In his apostolic letter “With a Father’s Heart,” Pope Francis reminds us that Joseph was “creatively courageous.”
We don’t often think of courage as being creative. Too often we think of it as forcefully resisting pain, tragedy, or hardship. It’s the soldier on the front lines, the stern bulwark against the stresses of life, the powerful defender. But creative? That doesn’t sound very courageous. Yet “creatively courageous” is one of the descriptions Pope Francis uses for Saint Joseph.
Read the Pope’s own words:
A creatively courageous father
If the first stage of all true interior healing is to accept our personal history and embrace even the things in life that we did not choose, we must now add another important element: creative courage. This emerges especially in the way we deal with difficulties. In the face of difficulty, we can either give up and walk away, or somehow engage with it. At times, difficulties bring out resources we did not even think we had.
As we read the infancy narratives, we may often wonder why God did not act in a more direct and clear way. Yet God acts through events and people. Joseph was the man chosen by God to guide the beginnings of the history of redemption. He was the true “miracle” by which God saves the child and his mother. God acted by trusting in Joseph’s creative courage. Arriving in Bethlehem and finding no lodging where Mary could give birth, Joseph took a stable and, as best he could, turned it into a welcoming home for the Son of God come into the world (cf. Lk 2:6–7). Faced with imminent danger from Herod, who wanted to kill the child, Joseph was warned once again in a dream to protect the child, and rose in the middle of the night to prepare the flight into Egypt (cf. Mt 2:13–14).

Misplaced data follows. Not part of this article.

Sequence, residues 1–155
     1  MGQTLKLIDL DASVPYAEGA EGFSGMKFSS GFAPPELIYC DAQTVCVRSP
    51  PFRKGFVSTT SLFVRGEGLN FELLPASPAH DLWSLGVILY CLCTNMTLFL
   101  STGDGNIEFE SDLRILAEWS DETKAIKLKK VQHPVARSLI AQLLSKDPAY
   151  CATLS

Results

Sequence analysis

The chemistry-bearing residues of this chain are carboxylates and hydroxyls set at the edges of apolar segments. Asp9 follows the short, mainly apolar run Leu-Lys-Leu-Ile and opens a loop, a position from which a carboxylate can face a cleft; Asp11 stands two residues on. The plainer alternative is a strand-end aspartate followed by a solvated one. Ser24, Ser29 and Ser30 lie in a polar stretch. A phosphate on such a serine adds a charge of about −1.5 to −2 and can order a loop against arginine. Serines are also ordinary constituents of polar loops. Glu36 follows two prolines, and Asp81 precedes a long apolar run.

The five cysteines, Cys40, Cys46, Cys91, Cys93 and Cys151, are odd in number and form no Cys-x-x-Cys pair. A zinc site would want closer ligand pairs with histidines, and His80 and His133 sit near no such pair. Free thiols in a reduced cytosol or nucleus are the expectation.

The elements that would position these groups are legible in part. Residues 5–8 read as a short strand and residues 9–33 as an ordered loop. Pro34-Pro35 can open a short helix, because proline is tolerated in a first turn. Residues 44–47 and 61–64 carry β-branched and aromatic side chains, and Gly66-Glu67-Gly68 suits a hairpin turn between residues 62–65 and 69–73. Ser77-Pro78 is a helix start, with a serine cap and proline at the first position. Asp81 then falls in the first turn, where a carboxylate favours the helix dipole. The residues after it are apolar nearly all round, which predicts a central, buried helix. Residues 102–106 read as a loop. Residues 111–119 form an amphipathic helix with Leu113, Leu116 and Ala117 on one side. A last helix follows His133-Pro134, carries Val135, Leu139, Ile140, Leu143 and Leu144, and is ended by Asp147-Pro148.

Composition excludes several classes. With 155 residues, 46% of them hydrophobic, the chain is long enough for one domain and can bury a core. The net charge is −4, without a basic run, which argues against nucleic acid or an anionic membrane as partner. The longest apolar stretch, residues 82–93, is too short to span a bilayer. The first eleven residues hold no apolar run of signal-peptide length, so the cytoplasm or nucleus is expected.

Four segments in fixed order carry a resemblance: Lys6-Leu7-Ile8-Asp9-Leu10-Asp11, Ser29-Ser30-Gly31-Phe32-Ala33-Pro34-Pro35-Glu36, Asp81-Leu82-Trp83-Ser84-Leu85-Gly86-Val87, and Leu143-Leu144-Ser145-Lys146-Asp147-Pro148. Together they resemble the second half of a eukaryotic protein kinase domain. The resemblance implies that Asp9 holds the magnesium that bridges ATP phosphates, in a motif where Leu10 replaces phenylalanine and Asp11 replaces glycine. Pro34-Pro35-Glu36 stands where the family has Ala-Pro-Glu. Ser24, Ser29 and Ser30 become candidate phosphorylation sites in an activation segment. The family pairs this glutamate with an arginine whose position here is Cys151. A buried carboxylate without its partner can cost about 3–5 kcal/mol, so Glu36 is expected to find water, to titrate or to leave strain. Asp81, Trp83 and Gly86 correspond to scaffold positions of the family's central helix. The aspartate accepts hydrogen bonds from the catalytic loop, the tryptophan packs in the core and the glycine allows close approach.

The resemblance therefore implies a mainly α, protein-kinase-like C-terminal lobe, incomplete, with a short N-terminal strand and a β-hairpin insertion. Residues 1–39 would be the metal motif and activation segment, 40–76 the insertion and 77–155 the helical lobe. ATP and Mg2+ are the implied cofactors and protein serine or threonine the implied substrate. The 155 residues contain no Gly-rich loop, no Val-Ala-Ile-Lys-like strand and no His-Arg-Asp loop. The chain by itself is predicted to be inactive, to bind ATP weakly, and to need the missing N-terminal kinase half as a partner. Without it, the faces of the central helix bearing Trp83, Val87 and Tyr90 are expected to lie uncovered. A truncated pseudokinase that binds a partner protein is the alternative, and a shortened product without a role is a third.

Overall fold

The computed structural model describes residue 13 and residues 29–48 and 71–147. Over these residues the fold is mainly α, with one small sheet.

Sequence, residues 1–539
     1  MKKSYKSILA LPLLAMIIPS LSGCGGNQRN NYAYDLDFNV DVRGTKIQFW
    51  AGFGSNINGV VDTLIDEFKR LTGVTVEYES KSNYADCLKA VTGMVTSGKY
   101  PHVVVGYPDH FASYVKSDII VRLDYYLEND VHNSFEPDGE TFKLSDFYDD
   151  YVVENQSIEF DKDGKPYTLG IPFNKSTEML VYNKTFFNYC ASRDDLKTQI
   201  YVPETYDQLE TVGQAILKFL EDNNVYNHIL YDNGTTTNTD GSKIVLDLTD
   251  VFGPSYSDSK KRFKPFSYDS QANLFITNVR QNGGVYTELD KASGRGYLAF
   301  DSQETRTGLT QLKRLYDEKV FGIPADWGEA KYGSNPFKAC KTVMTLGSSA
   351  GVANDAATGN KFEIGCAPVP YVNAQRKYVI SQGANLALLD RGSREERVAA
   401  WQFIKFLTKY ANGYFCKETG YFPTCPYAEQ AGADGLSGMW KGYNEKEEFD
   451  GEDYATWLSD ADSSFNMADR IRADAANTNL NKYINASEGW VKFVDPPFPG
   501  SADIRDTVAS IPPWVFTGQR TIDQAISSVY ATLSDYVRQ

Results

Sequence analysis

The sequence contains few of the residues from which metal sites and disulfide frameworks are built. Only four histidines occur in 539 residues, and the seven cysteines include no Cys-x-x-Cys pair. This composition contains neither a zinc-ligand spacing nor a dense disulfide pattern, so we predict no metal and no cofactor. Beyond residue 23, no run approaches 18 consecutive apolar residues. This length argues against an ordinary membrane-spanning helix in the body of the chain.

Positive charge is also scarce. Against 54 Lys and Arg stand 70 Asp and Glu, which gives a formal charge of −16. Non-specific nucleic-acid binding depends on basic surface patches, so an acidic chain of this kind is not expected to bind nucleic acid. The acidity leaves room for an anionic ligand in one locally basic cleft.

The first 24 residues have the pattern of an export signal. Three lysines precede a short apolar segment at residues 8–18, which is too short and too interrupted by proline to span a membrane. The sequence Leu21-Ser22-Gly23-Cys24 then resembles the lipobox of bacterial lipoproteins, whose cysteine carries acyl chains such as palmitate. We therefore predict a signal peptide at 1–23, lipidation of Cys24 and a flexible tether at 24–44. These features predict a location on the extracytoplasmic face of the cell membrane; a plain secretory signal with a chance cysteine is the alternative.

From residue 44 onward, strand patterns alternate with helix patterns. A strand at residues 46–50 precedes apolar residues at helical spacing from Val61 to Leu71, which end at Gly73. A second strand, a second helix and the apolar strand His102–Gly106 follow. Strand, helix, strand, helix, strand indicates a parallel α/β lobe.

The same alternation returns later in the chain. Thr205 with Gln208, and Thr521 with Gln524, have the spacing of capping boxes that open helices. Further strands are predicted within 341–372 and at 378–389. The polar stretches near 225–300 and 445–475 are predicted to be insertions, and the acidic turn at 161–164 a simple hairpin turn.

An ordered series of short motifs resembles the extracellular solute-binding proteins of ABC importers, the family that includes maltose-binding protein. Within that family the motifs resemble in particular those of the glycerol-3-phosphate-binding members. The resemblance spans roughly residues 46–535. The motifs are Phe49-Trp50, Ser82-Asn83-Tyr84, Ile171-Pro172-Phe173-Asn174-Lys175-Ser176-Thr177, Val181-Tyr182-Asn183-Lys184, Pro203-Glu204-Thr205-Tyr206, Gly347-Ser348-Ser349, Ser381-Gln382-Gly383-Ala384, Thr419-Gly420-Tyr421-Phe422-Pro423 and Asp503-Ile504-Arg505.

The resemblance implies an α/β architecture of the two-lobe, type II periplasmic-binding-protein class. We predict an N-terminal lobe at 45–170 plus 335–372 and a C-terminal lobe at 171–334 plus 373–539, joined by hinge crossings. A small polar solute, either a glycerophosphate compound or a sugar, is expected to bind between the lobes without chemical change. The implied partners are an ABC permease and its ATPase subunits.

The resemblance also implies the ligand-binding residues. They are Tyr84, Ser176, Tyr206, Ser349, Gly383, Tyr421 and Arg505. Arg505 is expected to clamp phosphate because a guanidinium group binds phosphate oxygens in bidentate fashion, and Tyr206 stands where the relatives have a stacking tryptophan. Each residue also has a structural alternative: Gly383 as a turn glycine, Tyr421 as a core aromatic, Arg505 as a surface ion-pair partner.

A superficial reading of these stories can often give the impression that the world is at the mercy of the strong and mighty, but the “good news” of the Gospel consists in showing that, for all the arrogance and violence of worldly powers, God always finds a way to carry out his saving plan. So too, our lives may at times seem to be at the mercy of the powerful, but the Gospel shows us what counts. God always finds a way to save us, provided we show the same creative courage as the carpenter of Nazareth, who was able to turn a problem into a possibility by trusting always in divine providence.
If at times God seems not to help us, surely this does not mean that we have been abandoned, but instead are being trusted to plan, to be creative, and to find solutions ourselves (5).
“Joseph had the courage to become the legal father of Jesus, to whom he gave the name revealed by the angel: ‘You shall call his name Jesus, for he will save his people from their sins’ (Mt 1:21).” –Pope Francis
Saint Joseph, help me to live with “creative courage.” Amen.
Image credit: Patrice THEBAULT/CIRIC